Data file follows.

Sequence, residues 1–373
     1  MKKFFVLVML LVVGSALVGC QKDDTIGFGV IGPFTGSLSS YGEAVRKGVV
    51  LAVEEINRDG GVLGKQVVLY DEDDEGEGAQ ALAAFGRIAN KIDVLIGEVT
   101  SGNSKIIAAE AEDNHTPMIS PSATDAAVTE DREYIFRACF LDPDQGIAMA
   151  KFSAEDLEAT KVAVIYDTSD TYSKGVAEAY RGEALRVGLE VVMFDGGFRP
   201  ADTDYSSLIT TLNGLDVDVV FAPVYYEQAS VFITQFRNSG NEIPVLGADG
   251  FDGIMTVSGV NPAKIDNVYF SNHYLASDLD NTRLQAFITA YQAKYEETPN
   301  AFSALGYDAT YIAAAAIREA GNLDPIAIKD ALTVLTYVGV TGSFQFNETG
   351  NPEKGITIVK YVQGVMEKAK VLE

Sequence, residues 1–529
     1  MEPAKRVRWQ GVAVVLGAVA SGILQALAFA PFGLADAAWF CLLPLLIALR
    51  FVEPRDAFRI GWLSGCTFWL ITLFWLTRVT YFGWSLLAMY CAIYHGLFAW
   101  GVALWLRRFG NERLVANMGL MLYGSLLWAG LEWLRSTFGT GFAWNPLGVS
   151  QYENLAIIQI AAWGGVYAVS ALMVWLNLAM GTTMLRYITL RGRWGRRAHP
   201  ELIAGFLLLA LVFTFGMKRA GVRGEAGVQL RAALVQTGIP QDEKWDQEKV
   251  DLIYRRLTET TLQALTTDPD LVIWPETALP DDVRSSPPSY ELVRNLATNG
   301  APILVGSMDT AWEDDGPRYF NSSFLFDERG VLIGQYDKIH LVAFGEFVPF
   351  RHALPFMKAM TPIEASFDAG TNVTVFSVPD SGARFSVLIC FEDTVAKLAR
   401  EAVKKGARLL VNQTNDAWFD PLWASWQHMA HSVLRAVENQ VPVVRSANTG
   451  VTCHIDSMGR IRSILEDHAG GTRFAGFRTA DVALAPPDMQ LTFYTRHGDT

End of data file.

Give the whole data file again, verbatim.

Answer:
Sequence, residues 1–373
     1  MKKFFVLVML LVVGSALVGC QKDDTIGFGV IGPFTGSLSS YGEAVRKGVV
    51  LAVEEINRDG GVLGKQVVLY DEDDEGEGAQ ALAAFGRIAN KIDVLIGEVT
   101  SGNSKIIAAE AEDNHTPMIS PSATDAAVTE DREYIFRACF LDPDQGIAMA
   151  KFSAEDLEAT KVAVIYDTSD TYSKGVAEAY RGEALRVGLE VVMFDGGFRP
   201  ADTDYSSLIT TLNGLDVDVV FAPVYYEQAS VFITQFRNSG NEIPVLGADG
   251  FDGIMTVSGV NPAKIDNVYF SNHYLASDLD NTRLQAFITA YQAKYEETPN
   301  AFSALGYDAT YIAAAAIREA GNLDPIAIKD ALTVLTYVGV TGSFQFNETG
   351  NPEKGITIVK YVQGVMEKAK VLE

Sequence, residues 1–529
     1  MEPAKRVRWQ GVAVVLGAVA SGILQALAFA PFGLADAAWF CLLPLLIALR
    51  FVEPRDAFRI GWLSGCTFWL ITLFWLTRVT YFGWSLLAMY CAIYHGLFAW
   101  GVALWLRRFG NERLVANMGL MLYGSLLWAG LEWLRSTFGT GFAWNPLGVS
   151  QYENLAIIQI AAWGGVYAVS ALMVWLNLAM GTTMLRYITL RGRWGRRAHP
   201  ELIAGFLLLA LVFTFGMKRA GVRGEAGVQL RAALVQTGIP QDEKWDQEKV
   251  DLIYRRLTET TLQALTTDPD LVIWPETALP DDVRSSPPSY ELVRNLATNG
   301  APILVGSMDT AWEDDGPRYF NSSFLFDERG VLIGQYDKIH LVAFGEFVPF
   351  RHALPFMKAM TPIEASFDAG TNVTVFSVPD SGARFSVLIC FEDTVAKLAR
   401  EAVKKGARLL VNQTNDAWFD PLWASWQHMA HSVLRAVENQ VPVVRSANTG
   451  VTCHIDSMGR IRSILEDHAG GTRFAGFRTA DVALAPPDMQ LTFYTRHGDT